Grady called us on the radio, imploring us to head back to where it all started as the bear had just run past him with dogs nipping on his considerable backside. He said the bear looked tired with his tongue hanging out—and so did the dogs. He thought the bruin would tree soon. As we made our way back in the vehicle, Grady informed us the bear had treed (finally, after a marathon run)—we should make our way to the dogs, the tree and the bear.

Now the fun part: trying to keep up with the other billy goat, Clayson. Let me just put this out here: These guides are 20-somethings, in the prime of life, in tip-top condition from leading regular expeditions into the mountainous wilderness of Arizona just like this dog hunt. Being as I am closer to 60 than 50, not in top shape, this part was going to suck a bit. (Remember the elevation?) Fortunately, Clayson was compassionate enough to periodically stop, enabling me to catch up. We did this dance repeatedly until we heard the cacophony of hounds growing increasingly louder.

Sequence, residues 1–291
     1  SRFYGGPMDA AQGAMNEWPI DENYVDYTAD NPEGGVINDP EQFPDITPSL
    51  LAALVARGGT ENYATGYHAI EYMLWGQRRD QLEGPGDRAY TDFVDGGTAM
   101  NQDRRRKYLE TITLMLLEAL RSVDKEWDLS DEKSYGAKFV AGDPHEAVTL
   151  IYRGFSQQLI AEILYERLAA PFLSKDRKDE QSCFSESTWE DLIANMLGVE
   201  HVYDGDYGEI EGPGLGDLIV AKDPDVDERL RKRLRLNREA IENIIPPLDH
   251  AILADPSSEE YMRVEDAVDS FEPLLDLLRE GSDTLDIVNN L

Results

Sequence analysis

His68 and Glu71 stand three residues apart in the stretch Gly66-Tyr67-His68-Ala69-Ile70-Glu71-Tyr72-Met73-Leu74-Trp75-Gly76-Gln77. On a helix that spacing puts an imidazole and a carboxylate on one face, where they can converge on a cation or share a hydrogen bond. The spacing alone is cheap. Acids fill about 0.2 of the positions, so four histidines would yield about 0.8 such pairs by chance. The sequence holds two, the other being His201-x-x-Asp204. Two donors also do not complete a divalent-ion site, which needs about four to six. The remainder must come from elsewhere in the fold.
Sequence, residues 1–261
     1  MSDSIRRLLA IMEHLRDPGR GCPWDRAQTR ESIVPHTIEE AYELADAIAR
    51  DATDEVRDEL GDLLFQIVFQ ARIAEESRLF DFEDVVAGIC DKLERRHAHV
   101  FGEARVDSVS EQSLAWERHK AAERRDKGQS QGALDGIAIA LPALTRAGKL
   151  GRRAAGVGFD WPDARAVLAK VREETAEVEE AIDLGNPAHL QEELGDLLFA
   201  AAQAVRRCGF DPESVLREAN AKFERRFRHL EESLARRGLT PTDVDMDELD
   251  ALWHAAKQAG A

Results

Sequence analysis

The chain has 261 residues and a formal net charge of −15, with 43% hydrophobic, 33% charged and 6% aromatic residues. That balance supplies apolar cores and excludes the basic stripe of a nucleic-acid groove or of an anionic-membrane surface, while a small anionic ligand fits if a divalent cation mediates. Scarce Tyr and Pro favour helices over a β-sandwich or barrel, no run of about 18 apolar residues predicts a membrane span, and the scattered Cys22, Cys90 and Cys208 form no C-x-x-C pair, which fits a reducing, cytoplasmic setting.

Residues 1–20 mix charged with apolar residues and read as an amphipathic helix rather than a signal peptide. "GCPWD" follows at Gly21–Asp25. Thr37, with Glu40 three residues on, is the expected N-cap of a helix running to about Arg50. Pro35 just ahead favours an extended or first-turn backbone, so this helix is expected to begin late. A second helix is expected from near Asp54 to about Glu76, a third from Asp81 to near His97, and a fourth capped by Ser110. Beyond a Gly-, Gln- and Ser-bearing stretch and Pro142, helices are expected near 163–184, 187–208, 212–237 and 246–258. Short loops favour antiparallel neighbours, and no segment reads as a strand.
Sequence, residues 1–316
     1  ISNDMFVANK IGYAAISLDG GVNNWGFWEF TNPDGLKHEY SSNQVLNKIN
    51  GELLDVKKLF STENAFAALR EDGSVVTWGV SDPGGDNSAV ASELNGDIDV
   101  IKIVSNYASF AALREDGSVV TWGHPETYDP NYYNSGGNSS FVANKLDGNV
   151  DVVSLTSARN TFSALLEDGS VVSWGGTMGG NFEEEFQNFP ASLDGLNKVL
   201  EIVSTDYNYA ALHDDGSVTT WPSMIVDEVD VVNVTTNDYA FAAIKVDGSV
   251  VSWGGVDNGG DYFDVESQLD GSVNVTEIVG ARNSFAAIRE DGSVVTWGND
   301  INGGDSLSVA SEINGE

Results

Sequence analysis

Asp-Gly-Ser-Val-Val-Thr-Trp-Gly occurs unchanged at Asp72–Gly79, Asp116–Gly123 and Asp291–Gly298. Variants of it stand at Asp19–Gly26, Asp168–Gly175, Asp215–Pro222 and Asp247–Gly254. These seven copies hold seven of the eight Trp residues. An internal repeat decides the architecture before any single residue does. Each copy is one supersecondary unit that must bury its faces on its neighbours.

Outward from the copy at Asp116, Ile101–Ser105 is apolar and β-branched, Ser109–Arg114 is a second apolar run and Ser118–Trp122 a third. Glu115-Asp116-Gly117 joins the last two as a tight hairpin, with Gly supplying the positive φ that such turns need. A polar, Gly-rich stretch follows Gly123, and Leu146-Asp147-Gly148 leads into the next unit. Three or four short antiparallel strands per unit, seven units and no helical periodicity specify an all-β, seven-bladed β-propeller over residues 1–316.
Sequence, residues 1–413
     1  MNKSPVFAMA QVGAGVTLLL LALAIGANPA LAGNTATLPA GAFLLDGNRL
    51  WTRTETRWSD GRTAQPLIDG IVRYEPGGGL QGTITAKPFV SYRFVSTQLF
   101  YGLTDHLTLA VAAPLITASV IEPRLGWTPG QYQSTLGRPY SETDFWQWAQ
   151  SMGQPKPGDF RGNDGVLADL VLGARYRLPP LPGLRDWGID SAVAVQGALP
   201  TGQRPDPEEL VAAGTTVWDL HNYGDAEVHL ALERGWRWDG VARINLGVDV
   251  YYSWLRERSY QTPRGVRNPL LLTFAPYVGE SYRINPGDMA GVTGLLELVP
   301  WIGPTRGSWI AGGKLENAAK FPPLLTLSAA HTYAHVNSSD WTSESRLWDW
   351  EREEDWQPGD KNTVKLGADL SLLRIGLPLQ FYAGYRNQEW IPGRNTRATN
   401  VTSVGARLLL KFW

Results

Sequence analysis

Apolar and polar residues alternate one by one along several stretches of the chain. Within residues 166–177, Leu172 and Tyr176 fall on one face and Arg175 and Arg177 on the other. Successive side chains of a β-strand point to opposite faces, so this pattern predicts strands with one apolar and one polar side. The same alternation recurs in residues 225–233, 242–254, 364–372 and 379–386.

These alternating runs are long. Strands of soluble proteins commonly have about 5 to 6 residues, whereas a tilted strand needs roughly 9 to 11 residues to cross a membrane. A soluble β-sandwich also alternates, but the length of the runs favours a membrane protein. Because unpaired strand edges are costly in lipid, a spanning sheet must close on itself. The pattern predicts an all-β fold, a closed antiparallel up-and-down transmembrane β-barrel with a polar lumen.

Hunter posing with black bear holding bullet.One 275-grain Barnes XPB loaded by Federal Premium fired from the author’s Magnum Research Custom Shop BFR .460 S&W Magnum dropped the bruin.

My heartrate increased with each step the closer I got to the crime-scene-to-be. I broke into the opening and there he was, a jet-black boar clinging to a tree roughly 20 feet up. The dogs were taking turns shouting obscenities up the tree at the bear. Despite assurances that the bear would stay put and not vacate the tree for safer climes, I picked a good vantage point from which to shoot, giving me a clear path to the bear’s vitals. I set up my shooting sticks, parked myself on the ground and checked that my shooting lane was clear. I then pulled the hammer back on the big BFR, carefully lined up the crosshairs on the on-side shoulder then slowly applied pressure to the trigger. It broke at 2 pounds. The revolver roared, the bear went stiff and tilted back, tumbling out of the tree deader than a doornail. One and done. (What is a dead doornail anyhow?)